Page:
Thursday, January 31, 2008

Have a laugh with Harrison

Harrison Ford's not generally thought of as the warm and cuddly sort, which Conan O'Brien asked him about...

In fact, it seems to me he's got a pretty decent sense of humor. Particularly seeing as how he agreed to take part in this. (The embedded link isn't working - try this one.)

Bonus! I refuse to wait ten and a half months to show this clip of Darth Vader getting his Christmas wish.

Wednesday, January 30, 2008

Jealous Guy Times Two

John Lennon's song "Jealous Guy," from his Imagine album, is one of his most popular solo songs, even going top 40 in 1988 during the "Oh no he di-int, Albert Goldman!" days. While I liked it well enough, I always thought it could have been done better. Come to find out, I wasn't the only one who felt that way.

Roxy Music did a cover as a tribute to Lennon shortly after his death, going to number 1 in the UK (their only #1). As with so much of later Roxy Music, there's a smooth sophistication that works well, and Bryan Ferry is able to look and sound appropriately hangdog.

What I never realized was that the song could use a little crunch. Thank God Lou Reed found the need and filled it. This is from October 2001, in a John's birthday/9/11 tribute, and considering how few covers Lou's done, it's great to see him take a near-standard and make it all his own.

Tuesday, January 29, 2008

It's the little things

Lev Yilmaz is a cartoonist who created the series "Tales of Mere Existence," which talks about the little things in life that don't get talked about. He's got a whole channel's worth of stuff on YouTube that's all worth watching.

But this is the one that stays with me. It's called "I'm not going to think about her," and the way it dwells on the individual details that everyone knows even though they're specific to one person. As Holden Caulfield would say, it kills me.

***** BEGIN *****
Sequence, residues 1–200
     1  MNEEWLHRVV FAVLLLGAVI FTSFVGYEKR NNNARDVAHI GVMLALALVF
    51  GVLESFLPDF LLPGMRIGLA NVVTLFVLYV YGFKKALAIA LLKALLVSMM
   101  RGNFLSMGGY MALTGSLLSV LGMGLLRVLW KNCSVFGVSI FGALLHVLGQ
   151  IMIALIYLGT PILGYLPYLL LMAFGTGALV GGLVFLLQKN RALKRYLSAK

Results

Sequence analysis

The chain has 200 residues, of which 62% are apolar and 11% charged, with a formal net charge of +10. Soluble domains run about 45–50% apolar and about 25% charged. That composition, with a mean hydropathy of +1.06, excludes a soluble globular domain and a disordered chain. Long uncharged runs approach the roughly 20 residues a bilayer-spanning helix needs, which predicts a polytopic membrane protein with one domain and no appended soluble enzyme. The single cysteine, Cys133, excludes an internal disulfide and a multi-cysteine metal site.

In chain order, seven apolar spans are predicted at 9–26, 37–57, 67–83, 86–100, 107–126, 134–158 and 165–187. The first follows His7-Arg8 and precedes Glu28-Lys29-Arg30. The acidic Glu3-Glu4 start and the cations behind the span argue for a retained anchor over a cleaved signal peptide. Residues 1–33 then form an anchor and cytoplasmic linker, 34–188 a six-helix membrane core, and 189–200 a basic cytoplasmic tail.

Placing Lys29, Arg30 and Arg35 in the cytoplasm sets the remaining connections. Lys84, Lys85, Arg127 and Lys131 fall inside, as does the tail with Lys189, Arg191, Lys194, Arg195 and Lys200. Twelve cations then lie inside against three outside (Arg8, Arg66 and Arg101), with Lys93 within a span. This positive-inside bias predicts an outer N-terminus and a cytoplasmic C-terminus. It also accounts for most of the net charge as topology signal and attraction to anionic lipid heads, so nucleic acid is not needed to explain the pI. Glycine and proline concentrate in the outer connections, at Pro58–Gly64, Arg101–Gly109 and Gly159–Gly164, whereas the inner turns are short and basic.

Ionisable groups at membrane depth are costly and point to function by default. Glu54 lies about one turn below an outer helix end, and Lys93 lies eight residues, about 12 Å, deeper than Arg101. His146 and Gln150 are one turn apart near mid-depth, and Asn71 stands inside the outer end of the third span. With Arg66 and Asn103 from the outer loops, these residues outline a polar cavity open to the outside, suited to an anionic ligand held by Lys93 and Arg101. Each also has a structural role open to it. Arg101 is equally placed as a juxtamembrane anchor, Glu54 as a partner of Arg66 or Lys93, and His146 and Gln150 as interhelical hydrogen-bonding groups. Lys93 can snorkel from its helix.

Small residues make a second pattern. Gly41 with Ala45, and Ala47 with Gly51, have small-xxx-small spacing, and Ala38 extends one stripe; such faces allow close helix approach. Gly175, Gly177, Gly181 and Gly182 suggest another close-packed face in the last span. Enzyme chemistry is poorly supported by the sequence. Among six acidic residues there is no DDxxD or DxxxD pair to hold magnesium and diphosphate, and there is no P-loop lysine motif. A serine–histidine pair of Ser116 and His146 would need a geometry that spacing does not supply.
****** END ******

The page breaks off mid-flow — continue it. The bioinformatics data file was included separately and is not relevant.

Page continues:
Monday, January 28, 2008


I went scouting for birthdays today and found that Mikhail Baryshnikov is celebrating number 60. I lit up; I just knew there would be good stuff of Misha kicking around YouTube. And boy, was I right.

In 1969, a good five years before he defected, he danced a little Don Quixote.

Look at this clip from him in Giselle in 1977. The fluidity, the air he catches - wow.

Finally, his duet in 1985's White Nights with Gregory Hines. I recommend turning the volume off so you can enjoy this without listening to warmed-over "Danger Zone" type music.

Sunday, January 27, 2008

Blind, but oh, what vision

You know what's fun? There are a ton of Jose Feliciano clips on YouTube, footage of him playing over five decades, and he sounds just as fantastic in the recent clips as he does in the old ones.

I tend to find the old ones more fascinating, though, so here he is doing a couple of duets. First, his performance of "Maria Christina" with Dusty Springfield in 1967.

And as if that wasn't enough of a throwback, watch him and Bing Crosby get together a year later to perform "Mama Don't Allow." And listen to him turn the guitar into any instrument he wants - including drums!

Saturday, January 26, 2008

The ugly side of show biz

This is the most offensive clip I've ever posted. And I posted "You'll Come One Day."

Howard Stern had Gilbert Gottfried on as a guest one day, and asked him if he'd heard Ed McMahon's new audio book. He then played a number of clips of Ed reading aloud. The clips were, how you say, tampered with, and made Ed sound... well, "sick" isn't a bad way to describe it. Gilbert proves to be a great audience - his laughter is a perfect seasoning.

I'm going to say it again. This is thoroughly offensive, with language that would shatter nuns at twenty paces. Don't play near the kids. I personally use headphones. And my stomach hurts from laughing.

Friday, January 25, 2008

Norm makes talk show hosts laugh hard

Some people think Norm Macdonald is a riot. Some don't. I do. So do late night talk show hosts. That mix of his who-cares delivery and his sacred-cows-make-the-best-burgers approach are pretty much comedy gold.

Here he is interrupting Conan O'Brien's somewhat bland interview of Courtney Thorne-Smith with some slams on Carrot Top that has Conan whirling in his chair.

Here he is telling a "Scrabble at a bed & breakfast" story to David Letterman.

Here's the best one. Two days after crocodile hunter Steve Irwin died, and between mocking Joe Camel and Canadian foreign minister Peter McKay, Macdonald says some lines that have Jon Stewart audibly cringing.

Thursday, January 24, 2008

Boom... ba ba boom... ba ba boom...

Aside from having the best opening bass line of any TV theme song in history, Barney Miller (season 2 now available on DVD) was hailed as being one of the most accurate police shows by actual policemen. It focused less on the action and crimesolving and more on the squad room tedium. And oh, it was so well written. I guarantee there are people who remember where they were the first time they heard an accidentally stoned Yemana say, "What do you say we guys go down to the beach, and shoot some clams?"